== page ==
Just because you’re on vacation doesn’t mean you can be carefree about the environment. As a tourist, you shouldn’t leave your trash anywhere. Moreover, you should avoid using plastic as much as possible because plastic waste is a big problem here. If possible, bring your own bag and only take plastic bags from convenience stores when you really need them. In addition, don’t touch corals or step on them when you’re snorkelling. It would also be best not to take coral reefs and shells away from their natural habitat. While they can be a nice souvenir, you can actually get fined for taking them home with you. After a day enjoying the stunning beaches and soaking up the sun, take your trash with you instead of leaving it at the beach.

    Don’t overstay your visa
    Just like in any other country around the world, overstaying your visa can result in a fine. If you fail to pay the fine, you could end up in jail. Thai immigration will mark your passport as an “undesirable alien” if you overstay three times. This mark would make it harder for you to travel internationally. You may be banned from entering the country temporarily.
    Last edited by Logan; 08-07-2021, 06:37 AM.

  • #2
    Travel Guide: To tip or not to tip when travelling in Thailand?

    Tipping can be expressed in a variety of ways depending on where you are. While it’s not considered standard in Thailand, it is happily accepted. But it’s not as simple as tipping a portion of your check. There are some scenarios where tipping is appropriate and others where it’s not. The tipping culture varies heavily depending on where you eat. The higher up the chain you go, the more common tipping becomes. This makes sense because those who dine at more pricey restaurants are much more likely to be able to pay a tip. So to tip or not to tip — that is the question. Keep reading to find out if, when and where you should leave a little change on the table while travelling in the Land of Smiles…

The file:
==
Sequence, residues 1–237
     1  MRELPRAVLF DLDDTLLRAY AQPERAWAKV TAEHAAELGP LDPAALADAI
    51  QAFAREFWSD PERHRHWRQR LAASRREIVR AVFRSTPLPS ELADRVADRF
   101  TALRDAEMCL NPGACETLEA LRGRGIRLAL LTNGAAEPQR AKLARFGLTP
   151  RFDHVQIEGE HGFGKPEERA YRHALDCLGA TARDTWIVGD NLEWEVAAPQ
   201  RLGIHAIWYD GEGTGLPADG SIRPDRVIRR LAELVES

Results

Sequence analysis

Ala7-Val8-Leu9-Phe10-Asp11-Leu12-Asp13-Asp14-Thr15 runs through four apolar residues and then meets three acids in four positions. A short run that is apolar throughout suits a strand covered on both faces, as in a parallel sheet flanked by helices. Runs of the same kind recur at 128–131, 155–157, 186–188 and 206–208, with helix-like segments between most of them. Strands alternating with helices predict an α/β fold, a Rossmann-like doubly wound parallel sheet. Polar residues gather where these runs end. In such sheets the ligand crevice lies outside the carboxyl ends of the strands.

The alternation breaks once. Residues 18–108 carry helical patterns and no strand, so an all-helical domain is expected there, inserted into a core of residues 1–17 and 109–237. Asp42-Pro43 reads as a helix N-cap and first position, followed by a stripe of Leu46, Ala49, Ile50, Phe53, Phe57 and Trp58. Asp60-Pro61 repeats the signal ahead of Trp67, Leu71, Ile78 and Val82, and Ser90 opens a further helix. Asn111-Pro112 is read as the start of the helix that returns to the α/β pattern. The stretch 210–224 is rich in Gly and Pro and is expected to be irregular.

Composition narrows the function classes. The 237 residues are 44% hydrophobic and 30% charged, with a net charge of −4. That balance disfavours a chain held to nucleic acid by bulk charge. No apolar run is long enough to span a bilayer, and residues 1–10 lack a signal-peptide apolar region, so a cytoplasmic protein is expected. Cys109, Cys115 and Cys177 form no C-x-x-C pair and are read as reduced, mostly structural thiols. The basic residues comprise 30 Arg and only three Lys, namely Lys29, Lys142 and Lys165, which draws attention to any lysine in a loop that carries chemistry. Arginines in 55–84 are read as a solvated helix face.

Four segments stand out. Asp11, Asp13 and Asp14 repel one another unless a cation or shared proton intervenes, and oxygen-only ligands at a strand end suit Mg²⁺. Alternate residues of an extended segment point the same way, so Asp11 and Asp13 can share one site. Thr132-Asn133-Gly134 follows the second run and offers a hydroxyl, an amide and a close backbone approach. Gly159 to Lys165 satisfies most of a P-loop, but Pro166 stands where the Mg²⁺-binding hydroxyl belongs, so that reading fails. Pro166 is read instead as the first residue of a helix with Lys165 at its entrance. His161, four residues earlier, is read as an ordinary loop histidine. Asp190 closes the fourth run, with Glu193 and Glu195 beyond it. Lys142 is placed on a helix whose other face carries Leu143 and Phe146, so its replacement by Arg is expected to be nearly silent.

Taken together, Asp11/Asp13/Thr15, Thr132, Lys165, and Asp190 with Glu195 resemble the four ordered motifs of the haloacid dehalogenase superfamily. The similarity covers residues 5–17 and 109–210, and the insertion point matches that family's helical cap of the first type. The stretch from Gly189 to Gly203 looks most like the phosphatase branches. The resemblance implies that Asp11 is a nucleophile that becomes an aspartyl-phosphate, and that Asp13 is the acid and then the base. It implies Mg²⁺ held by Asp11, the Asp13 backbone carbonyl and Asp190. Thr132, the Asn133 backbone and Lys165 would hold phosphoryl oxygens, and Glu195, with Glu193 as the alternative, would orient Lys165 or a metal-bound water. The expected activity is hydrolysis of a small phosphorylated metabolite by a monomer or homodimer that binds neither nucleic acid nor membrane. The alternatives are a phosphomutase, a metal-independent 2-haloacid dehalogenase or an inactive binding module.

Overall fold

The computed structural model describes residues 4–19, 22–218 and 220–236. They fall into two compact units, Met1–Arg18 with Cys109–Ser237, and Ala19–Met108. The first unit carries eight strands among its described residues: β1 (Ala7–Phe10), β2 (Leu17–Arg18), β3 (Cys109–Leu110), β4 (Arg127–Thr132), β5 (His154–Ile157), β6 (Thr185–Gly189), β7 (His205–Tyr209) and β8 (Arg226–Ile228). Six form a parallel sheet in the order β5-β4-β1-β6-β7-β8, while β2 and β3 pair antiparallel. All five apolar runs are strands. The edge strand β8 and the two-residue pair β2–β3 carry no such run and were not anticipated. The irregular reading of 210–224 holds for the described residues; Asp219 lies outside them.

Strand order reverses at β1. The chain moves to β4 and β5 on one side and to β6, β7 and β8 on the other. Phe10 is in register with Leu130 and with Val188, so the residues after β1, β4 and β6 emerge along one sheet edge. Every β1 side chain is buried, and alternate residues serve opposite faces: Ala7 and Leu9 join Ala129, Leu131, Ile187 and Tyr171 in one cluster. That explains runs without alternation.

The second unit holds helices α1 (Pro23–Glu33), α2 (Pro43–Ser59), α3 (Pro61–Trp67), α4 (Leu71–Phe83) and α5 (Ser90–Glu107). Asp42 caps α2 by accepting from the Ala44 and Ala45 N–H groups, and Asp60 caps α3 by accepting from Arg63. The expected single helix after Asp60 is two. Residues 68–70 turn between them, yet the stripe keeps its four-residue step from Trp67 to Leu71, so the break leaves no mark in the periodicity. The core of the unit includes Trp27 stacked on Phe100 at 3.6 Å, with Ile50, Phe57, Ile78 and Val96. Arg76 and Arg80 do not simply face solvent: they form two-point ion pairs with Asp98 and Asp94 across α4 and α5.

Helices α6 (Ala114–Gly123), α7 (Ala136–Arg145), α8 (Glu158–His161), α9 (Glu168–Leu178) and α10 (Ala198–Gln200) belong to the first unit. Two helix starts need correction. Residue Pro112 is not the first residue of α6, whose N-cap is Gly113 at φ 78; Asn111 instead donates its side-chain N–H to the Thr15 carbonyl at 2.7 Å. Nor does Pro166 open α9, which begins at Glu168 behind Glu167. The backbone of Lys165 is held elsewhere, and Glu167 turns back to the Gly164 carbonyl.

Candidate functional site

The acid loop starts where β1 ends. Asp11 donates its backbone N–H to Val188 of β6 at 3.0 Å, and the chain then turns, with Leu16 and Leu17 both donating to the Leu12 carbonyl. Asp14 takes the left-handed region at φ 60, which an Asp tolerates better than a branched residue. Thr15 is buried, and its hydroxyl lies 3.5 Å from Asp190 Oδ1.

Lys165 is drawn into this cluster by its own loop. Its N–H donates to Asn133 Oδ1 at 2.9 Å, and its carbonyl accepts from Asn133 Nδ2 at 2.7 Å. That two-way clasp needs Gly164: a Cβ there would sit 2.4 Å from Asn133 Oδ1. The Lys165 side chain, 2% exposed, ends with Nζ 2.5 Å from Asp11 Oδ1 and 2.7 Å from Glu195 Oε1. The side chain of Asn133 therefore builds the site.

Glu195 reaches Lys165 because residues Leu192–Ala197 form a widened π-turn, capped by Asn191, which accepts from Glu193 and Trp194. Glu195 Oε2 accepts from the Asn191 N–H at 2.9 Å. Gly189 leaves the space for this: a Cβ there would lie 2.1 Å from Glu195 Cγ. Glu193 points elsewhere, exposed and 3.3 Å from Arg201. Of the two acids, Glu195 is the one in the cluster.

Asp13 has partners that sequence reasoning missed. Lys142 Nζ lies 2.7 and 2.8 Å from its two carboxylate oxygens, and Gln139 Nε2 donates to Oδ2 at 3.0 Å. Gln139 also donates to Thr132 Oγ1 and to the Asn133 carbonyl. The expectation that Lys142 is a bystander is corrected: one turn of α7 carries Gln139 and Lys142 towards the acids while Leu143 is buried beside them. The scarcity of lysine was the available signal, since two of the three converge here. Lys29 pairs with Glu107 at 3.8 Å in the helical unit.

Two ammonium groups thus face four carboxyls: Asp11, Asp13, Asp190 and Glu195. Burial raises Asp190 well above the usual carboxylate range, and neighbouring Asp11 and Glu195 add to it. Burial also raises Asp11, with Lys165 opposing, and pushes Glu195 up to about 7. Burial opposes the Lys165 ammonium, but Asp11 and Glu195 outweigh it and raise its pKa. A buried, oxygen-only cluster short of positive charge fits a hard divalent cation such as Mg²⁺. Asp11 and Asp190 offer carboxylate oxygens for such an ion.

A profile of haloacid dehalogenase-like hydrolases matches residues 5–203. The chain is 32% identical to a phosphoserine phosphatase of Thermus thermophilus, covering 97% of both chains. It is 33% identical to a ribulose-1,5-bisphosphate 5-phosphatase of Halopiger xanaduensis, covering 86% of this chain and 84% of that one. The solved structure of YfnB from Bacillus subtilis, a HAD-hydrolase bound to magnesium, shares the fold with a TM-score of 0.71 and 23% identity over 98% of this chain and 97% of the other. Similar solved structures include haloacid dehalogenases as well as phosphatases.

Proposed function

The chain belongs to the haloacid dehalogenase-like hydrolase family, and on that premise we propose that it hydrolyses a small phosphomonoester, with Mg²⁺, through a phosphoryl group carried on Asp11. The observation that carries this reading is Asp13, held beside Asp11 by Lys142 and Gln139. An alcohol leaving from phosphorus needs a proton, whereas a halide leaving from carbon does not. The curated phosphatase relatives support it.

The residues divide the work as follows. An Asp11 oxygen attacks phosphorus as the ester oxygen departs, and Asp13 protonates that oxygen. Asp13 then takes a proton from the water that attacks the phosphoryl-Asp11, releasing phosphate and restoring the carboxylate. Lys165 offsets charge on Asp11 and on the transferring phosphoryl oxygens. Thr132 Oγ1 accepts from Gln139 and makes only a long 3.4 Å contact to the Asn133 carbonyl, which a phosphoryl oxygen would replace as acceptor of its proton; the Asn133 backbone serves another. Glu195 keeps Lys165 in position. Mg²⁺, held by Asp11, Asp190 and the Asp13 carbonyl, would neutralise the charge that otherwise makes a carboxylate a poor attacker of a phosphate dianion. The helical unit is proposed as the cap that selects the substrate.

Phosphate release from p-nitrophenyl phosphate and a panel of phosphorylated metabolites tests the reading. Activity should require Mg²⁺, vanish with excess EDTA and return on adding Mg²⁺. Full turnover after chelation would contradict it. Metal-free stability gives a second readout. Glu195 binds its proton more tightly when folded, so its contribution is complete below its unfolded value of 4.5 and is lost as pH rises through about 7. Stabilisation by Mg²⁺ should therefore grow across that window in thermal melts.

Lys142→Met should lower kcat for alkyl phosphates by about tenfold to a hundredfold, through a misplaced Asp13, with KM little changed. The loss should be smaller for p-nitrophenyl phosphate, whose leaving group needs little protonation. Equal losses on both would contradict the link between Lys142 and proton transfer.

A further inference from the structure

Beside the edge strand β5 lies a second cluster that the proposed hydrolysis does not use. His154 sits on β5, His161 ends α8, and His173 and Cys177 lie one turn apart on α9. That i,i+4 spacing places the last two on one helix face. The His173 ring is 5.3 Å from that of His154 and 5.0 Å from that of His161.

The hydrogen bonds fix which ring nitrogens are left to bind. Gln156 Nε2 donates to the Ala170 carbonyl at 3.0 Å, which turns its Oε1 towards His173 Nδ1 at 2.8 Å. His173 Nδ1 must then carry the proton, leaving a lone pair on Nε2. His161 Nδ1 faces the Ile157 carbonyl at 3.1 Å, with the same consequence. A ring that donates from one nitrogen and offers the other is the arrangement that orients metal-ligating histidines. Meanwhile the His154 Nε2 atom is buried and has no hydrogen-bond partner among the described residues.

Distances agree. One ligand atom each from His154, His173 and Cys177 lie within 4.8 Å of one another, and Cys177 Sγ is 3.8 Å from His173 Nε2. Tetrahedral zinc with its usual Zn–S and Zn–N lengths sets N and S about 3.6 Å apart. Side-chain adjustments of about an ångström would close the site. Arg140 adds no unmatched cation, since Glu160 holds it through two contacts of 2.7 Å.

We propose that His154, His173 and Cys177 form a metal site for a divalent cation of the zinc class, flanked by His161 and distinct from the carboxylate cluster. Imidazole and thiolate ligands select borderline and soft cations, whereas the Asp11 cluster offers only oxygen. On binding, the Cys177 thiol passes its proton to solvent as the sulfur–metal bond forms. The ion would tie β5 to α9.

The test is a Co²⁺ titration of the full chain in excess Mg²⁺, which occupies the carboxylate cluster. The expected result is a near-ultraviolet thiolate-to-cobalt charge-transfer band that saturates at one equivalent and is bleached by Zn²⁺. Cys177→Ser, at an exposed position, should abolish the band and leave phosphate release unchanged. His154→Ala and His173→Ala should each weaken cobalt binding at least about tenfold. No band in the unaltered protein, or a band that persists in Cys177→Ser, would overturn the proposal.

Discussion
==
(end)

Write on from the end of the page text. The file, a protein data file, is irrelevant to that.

Street food vendors
    To begin with, Thais don’t usually tip at street food vendors. It’s just not in the nature of those locations. If you decide to eat street food and tell the seller to keep the money, some vendors would insist of giving the change back. But most will appreciate your kind gesture. The order is commonly done verbally, and any change owed is pulled from the cook’s apron. If you ordered a few meals or more, they may have someone staffing the tables who will write up a receipt. In that case, you may choose to tip if you wish. It’s always a good idea to do what the locals do, and you’re unlikely to see a native tipping a street food place, so don’t be too concerned.

    Everyday restaurants
    This is where the ordinary middle-class person would eat, and a 20-50 THB tip on a 300-700 THB meal would be the standard rate. Believe it or not, not everyone tips, and most don’t intend to. It’s more a case of getting the change from the waitress and choosing to leave it, because it looks cheap not to – and in Thailand, we always want to save a little face. It’s important to remember that the staff in these places frequently work long hours with few breaks. If the meal costs 560 baht, then leaving 40 THB for them would be an ideal choice. It could also make a difference for them.

    High-end restaurants
    Most high-income Thais would tip at expensive or fine dining eateries, though not excessively. It’s likely they’d leave a 100 THB tip, though some would tip even more just to show that they can. Clearly, the more expensive the restaurant, the more you should tip. When your total reaches at least a thousand baht, you can consider tipping 10% or more. Some places will have a service fee included in the bill, so keep an eye on the fine print of your bill.

    Restaurants aside, some locals do tip taxi drivers, whether it’s the official bright coloured ones or lowly Grab drivers. You don’t have to tip a lot; anything is appreciated. If the taxi ride costs 160 THB, for example, paying 200 THB would go a long way — especially during the pandemic when tourism is at an all-time low. And if you don’t have change to pay the exact amount shown on the metre, then don’t expect the taxi driver to give back a few small bills. Demanding that 20-40 THB is NOT a hill to die on.

    Concierge boys will gladly help you carry your bags to your room and they’ll almost never ask for a tip. But an extra pause at the door should indicate their expected appreciation in the form of 20-50 THB. Even a modest tip is enough to express your gratitude for their bearing the burden of your luggage up the stairs or on the elevator all the way to your door, after you arrive at the hotel sunburned, sweaty and with tired feet. Just make sure you have a few small bills in hand BEFORE you get to your room. A moment’s delay, and they’ll promptly disappear before you can say, “Thanks, Mate.”